When winterizing your RV, antifreeze is crucial, because it keeps your vehicle healthy. If you are camping in a colder climate, antifreeze helps prevent residual water in your lines and tanks from freezing. You will not have to worry about residual water freezing in your tanks or lines over the winter. There are certain risks to be aware of when using antifreeze in an RV, despite products designed specifically for it. The purpose of this article is to teach you what antifreeze is, how it works, and how to use it safely.
What is the mechanism of antifreeze?
Antifreeze slows the expansion of water at subzero temperatures by lowering the freezing point of water. The freezing point of water is raised by the presence of alcohol in all antifreeze. Antifreeze consists of three main chemical components:
- Propylene glycol
- Ethylene glycol
Unique products are not suitable for this type of antifreeze because it contains ethanol, which kills the bacteria needed to break down waste. Ensure that rubber gaskets are in good condition before applying this type of antifreeze to prevent them from drying out too quickly. If seals are in good condition, ethanol antifreeze should work fine, but worn and brittle seals may be pushed beyond their capacity if you use it frequently.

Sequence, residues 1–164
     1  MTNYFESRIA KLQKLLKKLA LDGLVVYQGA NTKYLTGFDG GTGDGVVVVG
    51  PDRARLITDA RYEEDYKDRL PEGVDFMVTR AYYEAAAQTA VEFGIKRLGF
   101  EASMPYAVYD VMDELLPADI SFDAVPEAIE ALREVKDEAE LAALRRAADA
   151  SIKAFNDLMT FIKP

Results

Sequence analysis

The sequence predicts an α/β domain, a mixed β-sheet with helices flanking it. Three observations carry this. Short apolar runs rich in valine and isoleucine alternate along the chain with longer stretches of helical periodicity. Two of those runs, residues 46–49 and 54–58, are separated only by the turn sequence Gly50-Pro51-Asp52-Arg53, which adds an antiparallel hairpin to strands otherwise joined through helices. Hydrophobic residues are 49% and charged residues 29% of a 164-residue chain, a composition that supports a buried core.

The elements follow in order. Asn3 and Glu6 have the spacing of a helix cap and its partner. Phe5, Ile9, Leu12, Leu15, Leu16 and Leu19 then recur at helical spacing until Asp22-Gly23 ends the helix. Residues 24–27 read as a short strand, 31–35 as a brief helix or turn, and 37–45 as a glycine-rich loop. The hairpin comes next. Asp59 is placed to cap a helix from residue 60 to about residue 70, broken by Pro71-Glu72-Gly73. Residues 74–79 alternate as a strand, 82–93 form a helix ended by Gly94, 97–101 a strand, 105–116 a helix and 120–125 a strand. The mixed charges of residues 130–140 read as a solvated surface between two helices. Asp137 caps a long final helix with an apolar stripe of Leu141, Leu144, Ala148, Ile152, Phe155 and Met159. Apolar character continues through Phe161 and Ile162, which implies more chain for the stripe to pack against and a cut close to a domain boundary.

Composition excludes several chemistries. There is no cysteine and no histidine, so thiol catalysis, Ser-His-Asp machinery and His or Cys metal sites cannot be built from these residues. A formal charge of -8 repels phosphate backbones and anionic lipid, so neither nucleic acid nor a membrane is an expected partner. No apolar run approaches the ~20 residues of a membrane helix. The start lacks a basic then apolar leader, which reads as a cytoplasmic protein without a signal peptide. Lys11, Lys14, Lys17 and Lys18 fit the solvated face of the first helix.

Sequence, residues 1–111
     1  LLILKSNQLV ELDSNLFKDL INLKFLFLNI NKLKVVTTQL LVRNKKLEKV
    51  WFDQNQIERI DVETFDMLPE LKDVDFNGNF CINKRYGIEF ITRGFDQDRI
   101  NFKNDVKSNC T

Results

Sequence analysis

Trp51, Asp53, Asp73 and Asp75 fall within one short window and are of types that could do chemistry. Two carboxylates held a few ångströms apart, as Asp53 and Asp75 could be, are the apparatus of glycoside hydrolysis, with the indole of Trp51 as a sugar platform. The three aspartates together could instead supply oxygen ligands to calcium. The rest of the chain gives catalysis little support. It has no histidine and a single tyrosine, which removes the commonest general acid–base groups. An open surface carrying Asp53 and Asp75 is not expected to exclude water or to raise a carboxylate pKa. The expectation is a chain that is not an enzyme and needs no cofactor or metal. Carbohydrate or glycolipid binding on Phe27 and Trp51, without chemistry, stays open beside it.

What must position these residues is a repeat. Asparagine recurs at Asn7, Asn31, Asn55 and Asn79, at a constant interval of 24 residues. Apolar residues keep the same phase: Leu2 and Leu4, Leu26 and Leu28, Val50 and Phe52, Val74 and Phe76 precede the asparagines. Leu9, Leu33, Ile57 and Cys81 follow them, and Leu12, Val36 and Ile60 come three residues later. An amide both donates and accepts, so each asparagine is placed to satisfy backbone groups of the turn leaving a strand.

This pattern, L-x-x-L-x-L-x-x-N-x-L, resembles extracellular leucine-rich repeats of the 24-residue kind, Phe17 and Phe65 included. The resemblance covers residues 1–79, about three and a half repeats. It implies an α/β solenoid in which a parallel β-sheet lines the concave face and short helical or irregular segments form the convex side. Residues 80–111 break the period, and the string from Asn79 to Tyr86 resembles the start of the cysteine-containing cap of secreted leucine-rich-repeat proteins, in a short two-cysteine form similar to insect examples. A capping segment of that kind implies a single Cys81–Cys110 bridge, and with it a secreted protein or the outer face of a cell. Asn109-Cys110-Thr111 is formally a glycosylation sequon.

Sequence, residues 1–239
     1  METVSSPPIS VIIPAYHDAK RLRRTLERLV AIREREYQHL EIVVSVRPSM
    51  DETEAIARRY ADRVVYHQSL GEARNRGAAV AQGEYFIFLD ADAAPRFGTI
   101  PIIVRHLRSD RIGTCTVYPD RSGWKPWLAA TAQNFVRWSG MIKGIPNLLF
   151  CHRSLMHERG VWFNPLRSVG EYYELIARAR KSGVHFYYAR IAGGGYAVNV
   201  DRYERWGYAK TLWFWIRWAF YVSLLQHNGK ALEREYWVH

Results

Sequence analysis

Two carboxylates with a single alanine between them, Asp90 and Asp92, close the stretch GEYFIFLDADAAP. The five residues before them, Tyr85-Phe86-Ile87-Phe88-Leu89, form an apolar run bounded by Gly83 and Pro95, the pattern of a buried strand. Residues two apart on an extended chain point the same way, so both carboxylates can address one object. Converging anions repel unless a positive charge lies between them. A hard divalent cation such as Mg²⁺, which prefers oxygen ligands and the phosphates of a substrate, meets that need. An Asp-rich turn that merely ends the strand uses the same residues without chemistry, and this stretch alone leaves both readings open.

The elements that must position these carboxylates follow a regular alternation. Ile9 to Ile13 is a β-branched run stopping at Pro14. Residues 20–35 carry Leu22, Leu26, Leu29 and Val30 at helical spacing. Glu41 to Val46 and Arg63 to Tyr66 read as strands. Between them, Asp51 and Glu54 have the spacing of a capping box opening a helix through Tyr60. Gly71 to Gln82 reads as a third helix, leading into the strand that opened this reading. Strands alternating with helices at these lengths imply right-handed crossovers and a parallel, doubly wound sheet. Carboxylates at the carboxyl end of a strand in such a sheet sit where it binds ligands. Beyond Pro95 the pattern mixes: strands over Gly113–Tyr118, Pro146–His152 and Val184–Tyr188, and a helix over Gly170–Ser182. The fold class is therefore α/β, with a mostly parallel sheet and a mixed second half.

2. Propylene glycol
Propylene glycol antifreeze is safer for campers, humans, and the environment. A propylene glycol-based antifreeze is commonly referred to as RV antifreeze. According to Unique, RV antifreeze with this level of propylene glycol does not kill bacteria. Due to its low propylene glycol content, antifreeze will eventually be consumed by bacteria. Regular antifreeze treatments are necessary to prevent sewage tanks from freezing.
3. Ethylene glycol
Using ethylene glycol to fill RVs is not recommended because it is highly toxic. The chemical in automotive antifreeze should not be poured into RV holding tanks. The product should be treated with extreme caution since swallowing, inhaling, or spilling it could lead to serious health problems.
A mixture of RV antifreeze (ethanol and propylene glycol) should not be used in place of automotive antifreeze (ethylene glycol). Antifreeze used in plastic holding tanks is not toxic, but it is made for powerful engines. In RVs, antifreeze is used to prevent the holding tanks from freezing and causing damage. Instead of lubricating seals and allowing rubber seals to dry, propylene glycol lubricates them.